This windfall may not appear to be a fortune, but it was the equivalent of eight years' wages for the ordinary Romanian at the time. Mandel was able to smuggle himself out of his motherland with the money. Before arriving in Israel, he spent the following few years traveling around Europe - and we wouldn't be surprised if he used his mathematical prowess at casino games across the continent. Mandel studied economics at Haifa University and graduated with a bachelor's degree.
Mandel had made his way to Australia by the 1980s. He was a homemaker who worked as an accountant and invested in precious metals. While he never forgot about the lottery, winning a drawing with 45 numbers and over 8 million possible combinations must have seemed impossible – even to Mandel.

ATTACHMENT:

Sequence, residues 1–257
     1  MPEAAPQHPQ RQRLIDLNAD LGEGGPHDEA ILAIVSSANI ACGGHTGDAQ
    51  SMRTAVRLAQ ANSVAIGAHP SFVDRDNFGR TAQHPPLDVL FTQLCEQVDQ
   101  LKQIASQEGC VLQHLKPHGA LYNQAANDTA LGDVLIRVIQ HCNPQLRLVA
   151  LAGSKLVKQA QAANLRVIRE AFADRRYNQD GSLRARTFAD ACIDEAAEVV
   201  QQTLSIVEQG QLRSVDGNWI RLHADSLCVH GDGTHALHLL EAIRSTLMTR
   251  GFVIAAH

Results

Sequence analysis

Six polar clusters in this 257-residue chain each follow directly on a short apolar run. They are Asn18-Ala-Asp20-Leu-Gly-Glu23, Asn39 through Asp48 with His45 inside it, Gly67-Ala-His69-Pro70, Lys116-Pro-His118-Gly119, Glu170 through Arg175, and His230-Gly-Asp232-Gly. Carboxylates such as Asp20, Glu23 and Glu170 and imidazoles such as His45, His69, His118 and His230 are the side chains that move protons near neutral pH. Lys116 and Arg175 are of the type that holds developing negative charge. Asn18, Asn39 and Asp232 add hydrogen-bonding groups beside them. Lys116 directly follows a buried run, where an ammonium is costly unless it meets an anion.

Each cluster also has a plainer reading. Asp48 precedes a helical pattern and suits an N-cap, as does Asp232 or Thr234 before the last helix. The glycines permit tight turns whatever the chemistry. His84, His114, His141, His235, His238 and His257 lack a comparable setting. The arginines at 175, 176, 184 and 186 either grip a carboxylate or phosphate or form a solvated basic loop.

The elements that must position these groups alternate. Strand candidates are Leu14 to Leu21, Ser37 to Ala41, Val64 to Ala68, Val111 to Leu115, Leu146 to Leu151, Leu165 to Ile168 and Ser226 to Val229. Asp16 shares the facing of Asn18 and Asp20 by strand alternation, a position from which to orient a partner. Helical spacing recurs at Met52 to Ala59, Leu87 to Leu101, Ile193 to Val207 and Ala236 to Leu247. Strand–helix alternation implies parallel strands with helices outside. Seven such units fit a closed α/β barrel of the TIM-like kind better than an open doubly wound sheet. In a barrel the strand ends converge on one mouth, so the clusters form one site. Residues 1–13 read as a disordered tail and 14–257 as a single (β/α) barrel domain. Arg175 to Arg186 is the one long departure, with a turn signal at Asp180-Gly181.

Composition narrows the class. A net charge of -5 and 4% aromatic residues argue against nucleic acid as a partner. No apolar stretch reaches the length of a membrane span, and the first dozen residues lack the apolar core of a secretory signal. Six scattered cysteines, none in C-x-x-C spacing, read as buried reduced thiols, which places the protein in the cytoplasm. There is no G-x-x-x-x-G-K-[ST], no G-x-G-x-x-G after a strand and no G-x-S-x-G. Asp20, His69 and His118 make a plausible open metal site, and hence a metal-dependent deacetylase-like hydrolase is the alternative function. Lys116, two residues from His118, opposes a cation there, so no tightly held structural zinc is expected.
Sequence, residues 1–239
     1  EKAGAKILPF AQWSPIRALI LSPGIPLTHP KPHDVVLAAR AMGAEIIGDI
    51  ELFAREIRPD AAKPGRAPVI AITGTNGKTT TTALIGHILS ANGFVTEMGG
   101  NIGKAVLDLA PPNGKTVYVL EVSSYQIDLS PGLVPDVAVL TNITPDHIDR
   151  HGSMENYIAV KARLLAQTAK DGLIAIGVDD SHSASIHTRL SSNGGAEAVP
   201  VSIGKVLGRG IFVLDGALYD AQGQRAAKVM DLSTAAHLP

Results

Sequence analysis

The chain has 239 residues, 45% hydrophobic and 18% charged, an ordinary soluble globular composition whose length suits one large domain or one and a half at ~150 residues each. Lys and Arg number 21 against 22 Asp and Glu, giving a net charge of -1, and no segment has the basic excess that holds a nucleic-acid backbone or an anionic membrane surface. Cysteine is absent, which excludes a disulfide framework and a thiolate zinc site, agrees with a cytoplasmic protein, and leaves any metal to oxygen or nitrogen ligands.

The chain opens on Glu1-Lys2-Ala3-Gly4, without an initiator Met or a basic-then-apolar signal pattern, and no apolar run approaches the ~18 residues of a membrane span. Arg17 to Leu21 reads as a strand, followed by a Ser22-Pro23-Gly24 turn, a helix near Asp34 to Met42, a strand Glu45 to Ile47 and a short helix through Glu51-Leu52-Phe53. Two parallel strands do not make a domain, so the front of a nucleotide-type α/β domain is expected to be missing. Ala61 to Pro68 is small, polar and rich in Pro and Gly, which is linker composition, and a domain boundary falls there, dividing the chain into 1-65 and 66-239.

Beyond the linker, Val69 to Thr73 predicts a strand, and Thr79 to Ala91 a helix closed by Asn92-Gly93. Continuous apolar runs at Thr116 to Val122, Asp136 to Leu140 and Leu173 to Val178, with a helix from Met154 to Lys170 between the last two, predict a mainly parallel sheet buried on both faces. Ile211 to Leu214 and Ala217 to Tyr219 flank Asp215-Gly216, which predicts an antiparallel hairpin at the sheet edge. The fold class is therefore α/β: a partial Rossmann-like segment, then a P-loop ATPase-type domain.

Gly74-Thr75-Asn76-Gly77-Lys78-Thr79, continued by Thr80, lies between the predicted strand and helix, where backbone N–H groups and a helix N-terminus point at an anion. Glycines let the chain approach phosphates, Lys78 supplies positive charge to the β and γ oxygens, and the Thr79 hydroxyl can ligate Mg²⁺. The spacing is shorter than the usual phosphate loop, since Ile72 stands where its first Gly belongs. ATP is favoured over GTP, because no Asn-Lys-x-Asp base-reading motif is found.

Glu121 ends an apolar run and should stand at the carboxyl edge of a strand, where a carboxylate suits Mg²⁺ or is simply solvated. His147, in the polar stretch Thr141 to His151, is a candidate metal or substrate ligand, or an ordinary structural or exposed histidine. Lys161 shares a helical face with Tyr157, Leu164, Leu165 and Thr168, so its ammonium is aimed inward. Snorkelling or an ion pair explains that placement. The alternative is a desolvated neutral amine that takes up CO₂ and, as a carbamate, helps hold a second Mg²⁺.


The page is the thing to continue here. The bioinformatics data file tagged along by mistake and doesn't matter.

What Was Mandel’s Idea for Winning the Lottery?
Stefan Mandel's concept was fairly straightforward, if you think about it. What is the only strategy to boost your odds of winning the lotto that has been proven? It's about getting more tickets.
Consider a lottery game in which the chances of winning the jackpot are 1:10,000,000. Even buying 1,000 tickets would only reduce your chances to 1:10,000, and those slips would be quite expensive. Mandel realized this, which is why he worked on the most effective mathematical formula to win.
Finally, he had an epiphany: he doesn't have to go for the jackpot. Instead, winning the second prize, which required accurately guessing five out of six numbers, would suffice. Stefan didn't have enough money to go on this trip, but he was able to persuade a few individuals to join him. He purchased a large number of tickets and hoped for the best.
Establishing a Company and Playing the Lottery